The Times' big political hitters Adam Nagourney and Jeff Zeleny teamed up to deliver Wednesday's lead story: Obama denouncing former father figure, Rev. Jeremiah Wright, in "An Angry Obama Renounces Ties To His Ex-Pastor."
Senator Barack Obama broke forcefully on Tuesday with his former pastor, the Rev. Jeremiah A. Wright Jr., in an effort to curtail a drama of race, values, patriotism and betrayal that has enveloped his presidential candidacy at a critical juncture.
At a news conference here, Mr. Obama denounced remarks Mr. Wright made in a series of televised appearances over the last several days. In the appearances, Mr. Wright has suggested that the United States was attacked because it engaged in terrorism on other people and that the government was capable of having used the AIDS virus to commit genocide against minorities. His remarks also cast Louis Farrakhan, the leader of the Nation of Islam, in a positive light.
In tones sharply different from those Mr. Obama used on Monday, when he blamed the news media and his rivals for focusing on Mr. Wright, and far harsher than those he used in his speech on race in Philadelphia last month, Mr. Obama tried to cut all his ties to - and to discredit - Mr. Wright, the man who presided at Mr. Obama's wedding and baptized his two daughters.
Nagourney and Zeleny provided moredetails of Obama's close connection to Wright that have previously only cropped up sporadically in the paper since the Times first highlighted Wright in an April 2007 story.
Mr. Obama became a Christian after hearing a 1988 sermon of Mr. Wright's called "The Audacity to Hope." Joining Mr. Wright's church helped Mr. Obama, with his disparate racial and geographic background, embrace not only the African-American community but also Africa, his friends and family say.
Mr. Obama had barely known his Kenyan father; Mr. Wright made pilgrimages to Africa and incorporated its rituals into worship. Mr. Obama toted recordings of Mr. Wright's sermons to law school. Mr. Obama titled his speech at the 2004 Democratic National Convention "The Audacity of Hope," and gave his next book the same name.
The editorial page joined in with Wednesday's lead editorial, "Mr. Obama and Rev. Wright," but made sure to parrot the liberal talking point of equating Wright with a prominent McCain supporter, controversial minister John Hagee, who has said inflammatory things about the Catholic Church and homosexuals.
"I want to use this press conference to make people absolutely clear that obviously whatever relationship I had with Reverend Wright has changed as a consequence of this," he said, adding that if Mr. Wright speaks out again, he will not represent the Obama campaign.
It was the most forthright repudiation of an out-of-control supporter that we can remember. We would like to say that it will finally take the racial charge out of this campaign. We're not that naïve.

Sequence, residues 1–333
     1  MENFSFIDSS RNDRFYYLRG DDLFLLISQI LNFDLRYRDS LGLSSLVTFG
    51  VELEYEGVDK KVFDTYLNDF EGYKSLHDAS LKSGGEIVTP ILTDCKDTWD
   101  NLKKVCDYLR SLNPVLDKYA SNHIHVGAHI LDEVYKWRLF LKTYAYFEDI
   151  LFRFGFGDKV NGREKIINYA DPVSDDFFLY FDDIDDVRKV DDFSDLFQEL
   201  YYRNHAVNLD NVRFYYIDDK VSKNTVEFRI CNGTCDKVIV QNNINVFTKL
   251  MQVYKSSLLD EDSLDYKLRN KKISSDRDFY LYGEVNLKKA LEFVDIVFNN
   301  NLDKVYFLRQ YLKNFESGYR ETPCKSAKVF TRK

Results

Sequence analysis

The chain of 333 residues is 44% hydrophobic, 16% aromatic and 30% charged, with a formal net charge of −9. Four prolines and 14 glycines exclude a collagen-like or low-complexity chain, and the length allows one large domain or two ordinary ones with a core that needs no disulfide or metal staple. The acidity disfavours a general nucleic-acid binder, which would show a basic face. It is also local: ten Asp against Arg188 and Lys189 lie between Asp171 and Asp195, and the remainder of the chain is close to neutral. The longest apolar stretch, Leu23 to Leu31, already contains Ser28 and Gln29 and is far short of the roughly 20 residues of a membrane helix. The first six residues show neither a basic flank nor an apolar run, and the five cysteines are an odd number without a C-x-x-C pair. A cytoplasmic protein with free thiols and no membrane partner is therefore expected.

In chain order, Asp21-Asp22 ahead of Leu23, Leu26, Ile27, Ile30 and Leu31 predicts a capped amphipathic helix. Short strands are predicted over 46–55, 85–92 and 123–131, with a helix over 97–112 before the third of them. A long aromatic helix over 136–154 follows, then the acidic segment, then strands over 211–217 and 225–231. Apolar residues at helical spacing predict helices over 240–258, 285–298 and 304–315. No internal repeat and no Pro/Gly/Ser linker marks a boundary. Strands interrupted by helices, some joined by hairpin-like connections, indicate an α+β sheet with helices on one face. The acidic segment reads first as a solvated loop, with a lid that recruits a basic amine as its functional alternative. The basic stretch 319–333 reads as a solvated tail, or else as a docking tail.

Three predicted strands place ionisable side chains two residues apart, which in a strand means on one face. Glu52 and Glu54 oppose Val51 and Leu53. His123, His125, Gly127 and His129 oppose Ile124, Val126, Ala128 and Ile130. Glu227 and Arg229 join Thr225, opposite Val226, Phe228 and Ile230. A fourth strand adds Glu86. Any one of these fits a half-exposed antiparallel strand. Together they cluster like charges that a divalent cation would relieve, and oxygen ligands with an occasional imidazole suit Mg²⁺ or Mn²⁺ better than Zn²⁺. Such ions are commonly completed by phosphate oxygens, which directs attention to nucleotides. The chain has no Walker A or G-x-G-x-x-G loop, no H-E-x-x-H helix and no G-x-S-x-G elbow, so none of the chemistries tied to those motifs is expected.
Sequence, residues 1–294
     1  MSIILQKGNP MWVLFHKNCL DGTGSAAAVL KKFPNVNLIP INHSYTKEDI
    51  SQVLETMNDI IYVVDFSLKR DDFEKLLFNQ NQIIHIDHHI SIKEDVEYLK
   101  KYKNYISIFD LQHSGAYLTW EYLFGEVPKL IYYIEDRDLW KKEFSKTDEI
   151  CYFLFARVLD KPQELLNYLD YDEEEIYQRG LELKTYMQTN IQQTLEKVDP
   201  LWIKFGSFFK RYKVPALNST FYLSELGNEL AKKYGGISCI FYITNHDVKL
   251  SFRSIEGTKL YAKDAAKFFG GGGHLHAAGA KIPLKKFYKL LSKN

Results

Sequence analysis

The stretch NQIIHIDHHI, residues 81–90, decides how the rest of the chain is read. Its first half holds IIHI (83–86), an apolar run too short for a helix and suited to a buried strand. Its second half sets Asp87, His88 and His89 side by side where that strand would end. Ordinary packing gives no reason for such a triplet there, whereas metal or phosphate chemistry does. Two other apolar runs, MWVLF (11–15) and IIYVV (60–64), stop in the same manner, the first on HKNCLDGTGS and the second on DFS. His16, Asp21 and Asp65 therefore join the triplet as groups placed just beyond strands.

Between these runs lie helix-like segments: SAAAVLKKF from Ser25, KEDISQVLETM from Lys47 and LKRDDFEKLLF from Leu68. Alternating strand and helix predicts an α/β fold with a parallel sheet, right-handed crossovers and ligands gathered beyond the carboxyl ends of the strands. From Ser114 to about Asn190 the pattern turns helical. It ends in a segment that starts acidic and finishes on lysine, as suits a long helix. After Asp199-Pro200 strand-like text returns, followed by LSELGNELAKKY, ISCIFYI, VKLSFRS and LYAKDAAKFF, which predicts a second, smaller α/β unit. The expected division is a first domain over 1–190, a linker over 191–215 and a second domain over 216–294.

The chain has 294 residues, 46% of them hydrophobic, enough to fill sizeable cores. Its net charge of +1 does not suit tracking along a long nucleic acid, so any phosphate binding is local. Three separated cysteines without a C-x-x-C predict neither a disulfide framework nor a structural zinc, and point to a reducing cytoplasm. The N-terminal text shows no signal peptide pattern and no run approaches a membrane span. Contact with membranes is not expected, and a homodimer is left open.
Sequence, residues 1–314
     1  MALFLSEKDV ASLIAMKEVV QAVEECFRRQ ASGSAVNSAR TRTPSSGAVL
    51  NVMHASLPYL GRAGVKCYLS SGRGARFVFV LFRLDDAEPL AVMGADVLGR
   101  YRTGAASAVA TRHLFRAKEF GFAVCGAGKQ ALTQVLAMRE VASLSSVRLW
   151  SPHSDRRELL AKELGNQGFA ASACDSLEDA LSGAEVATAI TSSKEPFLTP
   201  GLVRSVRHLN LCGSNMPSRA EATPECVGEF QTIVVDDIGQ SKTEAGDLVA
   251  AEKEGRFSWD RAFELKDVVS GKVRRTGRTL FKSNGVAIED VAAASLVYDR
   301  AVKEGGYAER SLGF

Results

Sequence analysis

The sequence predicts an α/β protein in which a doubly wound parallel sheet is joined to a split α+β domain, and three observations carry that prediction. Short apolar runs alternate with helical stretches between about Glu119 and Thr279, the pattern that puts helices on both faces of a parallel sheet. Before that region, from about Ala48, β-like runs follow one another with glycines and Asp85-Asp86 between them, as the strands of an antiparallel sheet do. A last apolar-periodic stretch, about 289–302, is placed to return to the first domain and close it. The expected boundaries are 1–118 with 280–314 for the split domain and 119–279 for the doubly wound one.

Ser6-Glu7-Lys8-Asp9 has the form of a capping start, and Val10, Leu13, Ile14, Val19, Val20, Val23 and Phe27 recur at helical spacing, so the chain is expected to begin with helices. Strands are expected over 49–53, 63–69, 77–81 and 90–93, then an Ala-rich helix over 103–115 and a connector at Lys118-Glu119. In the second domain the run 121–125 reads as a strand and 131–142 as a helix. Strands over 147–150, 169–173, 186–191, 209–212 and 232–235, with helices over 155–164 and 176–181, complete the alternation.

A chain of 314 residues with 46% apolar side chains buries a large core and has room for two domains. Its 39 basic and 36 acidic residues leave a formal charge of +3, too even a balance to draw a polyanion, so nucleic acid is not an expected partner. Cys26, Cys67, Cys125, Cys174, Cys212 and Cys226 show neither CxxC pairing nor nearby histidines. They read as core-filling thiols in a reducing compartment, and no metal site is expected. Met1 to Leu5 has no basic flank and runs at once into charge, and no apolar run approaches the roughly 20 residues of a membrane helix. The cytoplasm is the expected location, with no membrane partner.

It is an injustice, a legacy of the racist threads of this nation's history, but prominent African-Americans are regularly called upon to explain or repudiate what other black Americans have to say, while white public figures are rarely, if ever, handed that burden.
Senator John McCain has continued to embrace a prominent white supporter, Pastor John Hagee, whose bigotry matches that of Mr. Wright. Mr. McCain has not tried hard enough to stop a race-baiting commercial - complete with video of Mr. Wright - that is being run against Mr. Obama in North Carolina.
Acouple ofdifferences: Hagee was not McCain's pastor for 20 years, and none of Hagee's sermons provided the title of a McCain autobiography. Given campaign finance laws supported by McCain (and the Times) that prohibit such interference, it's unclear what the Times want him to do.
If Mr. Obama is the Democratic presidential nominee, we fear that there will be many more such commercials. And Mr. Obama will have to repudiate Mr. Wright's outbursts many more times.
This country needs a healthy and open discussion of race. Mr. Obama's repudiation of Mr. Wright is part of that. His opponents also have a responsibility - to repudiate the race-baiting and make sure it stops.
The Rev. Jeremiah Wright went to Washington on Monday not to praise Barack Obama, but to bury him.
Smiling, cracking corny jokes, mugging it up for the big-time news media - this reverend is never going away. He's found himself a national platform, and he's loving it.
It's a twofer. Feeling dissed by Senator Obama, Mr. Wright gets revenge on his former follower while bathed in a spotlight brighter than any he could ever have imagined. He's living a narcissist's dream. At long last, his 15 minutes have arrived.
So there he was lecturing an audience at the National Press Club about everything from the black slave experience to the differences in sentencing for possession of crack and powdered cocaine.
All but swooning over the wonderfulness of himself, the reverend acts like he is the first person to come up with the idea that blacks too often get the short end of the stick in America, that the malignant influences of slavery and the long dark night of racial discrimination are still being felt today, that in many ways this is a profoundly inequitable society.
This is hardly new ground. The question that cries out for an answer from Mr. Wright is why - if he is so passionately committed to liberating and empowering blacks - does he seem so insistent on wrecking the campaign of the only African-American ever to have had a legitimate shot at the presidency.